COLUMBUS, Ohio (WCMH) — Scammers impersonate all sorts of businesses, but according to the Federal Trade Commission, Amazon is a clear favorite.

From July 2020 through June 2021, the FTC reports that one in three people who reported a business impersonator said the scammer claimed to be from Amazon. Reported losses totaled more than $27 million dollars.

To keep that number from growing, Amazon is sending out a message to customers, listing four ways to identify scams and keep your personal information safe.

1. Don’t feel pressured to give someone information over the phone

Steven Pope, founder of My Amazon Guy, said that’s especially true if you aren’t expecting the call.

“Don’t give them your social security number; don’t give them the last four digits of your credit card number; don’t even tell them where you live,” Pope said. “There’s no reason for this.”

2. Never make a payment over the phone

Amazon said it will never ask a customer to provide payment information over the phone.

“If somebody called you to say ‘Hey, there’s a problem, there’s this fraudulent charge, I need you to read back your credit card number to me,’ that just doesn’t make sense, doesn’t smell quite right,” Pope said. “I might have a problem with that one.”

3. Only trust Amazon-owned channels

If you’re looking for customer support or want to make changes to your account, only do so through the Amazon mobile app or website.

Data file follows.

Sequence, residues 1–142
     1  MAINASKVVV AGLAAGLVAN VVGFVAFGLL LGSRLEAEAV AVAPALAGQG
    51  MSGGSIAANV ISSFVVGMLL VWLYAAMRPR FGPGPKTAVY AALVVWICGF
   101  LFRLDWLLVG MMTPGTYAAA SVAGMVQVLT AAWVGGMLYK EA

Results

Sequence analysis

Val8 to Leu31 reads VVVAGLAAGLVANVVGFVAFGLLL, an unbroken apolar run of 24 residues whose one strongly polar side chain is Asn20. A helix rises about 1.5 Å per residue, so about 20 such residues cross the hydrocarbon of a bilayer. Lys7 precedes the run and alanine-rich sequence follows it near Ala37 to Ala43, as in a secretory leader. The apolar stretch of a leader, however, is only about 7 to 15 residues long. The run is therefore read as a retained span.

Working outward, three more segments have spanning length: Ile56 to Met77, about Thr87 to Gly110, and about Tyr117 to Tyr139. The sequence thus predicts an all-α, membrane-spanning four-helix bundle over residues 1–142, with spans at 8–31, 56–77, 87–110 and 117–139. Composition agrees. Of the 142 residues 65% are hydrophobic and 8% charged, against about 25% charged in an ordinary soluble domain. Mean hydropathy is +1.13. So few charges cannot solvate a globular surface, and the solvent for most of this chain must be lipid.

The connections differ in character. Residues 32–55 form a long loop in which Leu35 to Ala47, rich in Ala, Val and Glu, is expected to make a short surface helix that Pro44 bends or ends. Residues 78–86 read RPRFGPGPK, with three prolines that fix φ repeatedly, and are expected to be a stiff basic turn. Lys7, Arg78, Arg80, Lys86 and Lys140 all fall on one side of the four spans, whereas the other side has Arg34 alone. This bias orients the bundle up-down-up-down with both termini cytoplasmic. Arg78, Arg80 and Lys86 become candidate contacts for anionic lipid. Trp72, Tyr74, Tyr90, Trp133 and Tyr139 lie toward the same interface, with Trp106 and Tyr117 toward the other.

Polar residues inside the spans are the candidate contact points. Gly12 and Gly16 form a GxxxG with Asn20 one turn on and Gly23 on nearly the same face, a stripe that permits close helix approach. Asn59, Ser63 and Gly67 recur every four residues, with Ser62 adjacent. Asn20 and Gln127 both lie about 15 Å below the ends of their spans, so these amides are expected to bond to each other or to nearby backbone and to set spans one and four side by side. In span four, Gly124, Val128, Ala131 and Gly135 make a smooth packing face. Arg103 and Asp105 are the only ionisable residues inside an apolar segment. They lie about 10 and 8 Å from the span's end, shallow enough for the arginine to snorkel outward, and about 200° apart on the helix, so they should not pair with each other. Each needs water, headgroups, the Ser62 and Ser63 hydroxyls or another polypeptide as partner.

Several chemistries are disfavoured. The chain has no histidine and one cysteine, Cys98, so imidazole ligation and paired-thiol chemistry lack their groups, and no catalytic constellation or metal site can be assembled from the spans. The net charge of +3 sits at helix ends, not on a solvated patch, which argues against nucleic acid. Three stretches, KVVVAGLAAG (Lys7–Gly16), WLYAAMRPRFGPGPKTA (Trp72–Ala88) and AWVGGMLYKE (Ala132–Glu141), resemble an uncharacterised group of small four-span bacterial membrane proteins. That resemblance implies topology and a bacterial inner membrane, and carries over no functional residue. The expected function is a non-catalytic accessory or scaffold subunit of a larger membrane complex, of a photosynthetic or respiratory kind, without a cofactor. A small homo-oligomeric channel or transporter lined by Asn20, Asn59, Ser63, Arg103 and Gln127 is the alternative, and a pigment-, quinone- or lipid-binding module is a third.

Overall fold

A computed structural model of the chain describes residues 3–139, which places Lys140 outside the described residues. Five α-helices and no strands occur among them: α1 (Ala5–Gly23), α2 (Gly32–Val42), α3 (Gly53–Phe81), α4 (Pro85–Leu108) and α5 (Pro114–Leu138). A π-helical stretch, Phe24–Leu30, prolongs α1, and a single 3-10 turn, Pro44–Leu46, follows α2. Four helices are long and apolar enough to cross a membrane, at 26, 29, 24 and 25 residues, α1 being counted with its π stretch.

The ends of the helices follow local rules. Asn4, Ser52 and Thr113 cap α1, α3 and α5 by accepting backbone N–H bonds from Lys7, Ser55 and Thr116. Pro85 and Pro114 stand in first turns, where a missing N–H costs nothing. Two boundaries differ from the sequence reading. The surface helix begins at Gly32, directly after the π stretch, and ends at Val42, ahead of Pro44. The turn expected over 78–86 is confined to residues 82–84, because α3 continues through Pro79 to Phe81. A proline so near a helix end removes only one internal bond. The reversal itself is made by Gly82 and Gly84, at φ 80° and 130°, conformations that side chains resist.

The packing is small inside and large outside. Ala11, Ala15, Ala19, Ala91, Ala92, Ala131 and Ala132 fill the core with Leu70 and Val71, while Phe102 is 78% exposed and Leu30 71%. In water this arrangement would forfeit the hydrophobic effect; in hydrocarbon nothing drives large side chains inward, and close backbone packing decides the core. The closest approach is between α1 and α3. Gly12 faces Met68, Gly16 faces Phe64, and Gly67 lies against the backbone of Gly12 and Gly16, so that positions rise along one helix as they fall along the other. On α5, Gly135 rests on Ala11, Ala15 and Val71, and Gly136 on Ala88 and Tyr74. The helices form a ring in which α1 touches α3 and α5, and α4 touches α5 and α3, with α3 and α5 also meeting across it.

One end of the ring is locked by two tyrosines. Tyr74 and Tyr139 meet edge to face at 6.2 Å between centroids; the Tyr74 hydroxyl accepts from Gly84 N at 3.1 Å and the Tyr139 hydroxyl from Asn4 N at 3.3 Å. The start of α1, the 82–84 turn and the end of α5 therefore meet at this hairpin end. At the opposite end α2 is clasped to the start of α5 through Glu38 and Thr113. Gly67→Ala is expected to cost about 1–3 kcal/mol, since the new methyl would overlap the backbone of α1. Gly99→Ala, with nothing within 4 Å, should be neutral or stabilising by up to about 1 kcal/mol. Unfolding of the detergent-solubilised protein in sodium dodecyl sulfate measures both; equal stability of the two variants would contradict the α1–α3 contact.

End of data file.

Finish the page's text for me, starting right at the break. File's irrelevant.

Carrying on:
“Don’t click on weird links in your emails because they can track the URLs you’ve clicked, and then they can send you to a real-looking website and act like you’re at the right source,” said Pope. “But you’re better off just going direct to the source yourself.”

4. Be wary of false urgency.

Scammers may try to make you feel like you have to act quickly, especially if money is involved.

“If there was an issue when it comes to finance, these sorts of issues are handled over the course of weeks, if not a couple months. Not hours or minutes,” Pope said.

If you receive an email or a phone call that seems to be suspicious in anyway, Pope suggested reporting it to Amazon. That way, the company can keep track and hopefully, put a stop to it down the road.

According to the FTC, here are some ways to avoid common tricks business impersonators use:

  • Never call phone numbers given in unexpected calls, texts, emails, or messages on social media. And don’t click any links. Those are scams.
  • If you’re worried, check it out. Go directly to the company’s website to find out how to reach them. Don’t trust the phone numbers or links that come up in search results.
  • Never give anyone remote access to your devices unless you contacted the company first (using its real number). If someone tells you to give remote access to get a refund, it’s a scam.
  • Never pay by gift card. Nobody legit will ever require you to. And never send pictures of gift cards. If someone tells you they need the numbers on the back of a gift card, it’s a scam.
  • Talk about it. If you’re getting these messages, so are people you know. Help them avoid the scam by sharing what you know.

Click here to report suspicious communications to Amazon.